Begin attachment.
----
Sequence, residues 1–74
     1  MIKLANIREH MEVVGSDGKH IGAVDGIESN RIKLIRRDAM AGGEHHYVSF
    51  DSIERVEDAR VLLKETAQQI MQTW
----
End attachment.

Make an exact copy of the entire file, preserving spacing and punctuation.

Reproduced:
Sequence, residues 1–74
     1  MIKLANIREH MEVVGSDGKH IGAVDGIESN RIKLIRRDAM AGGEHHYVSF
    51  DSIERVEDAR VLLKETAQQI MQTW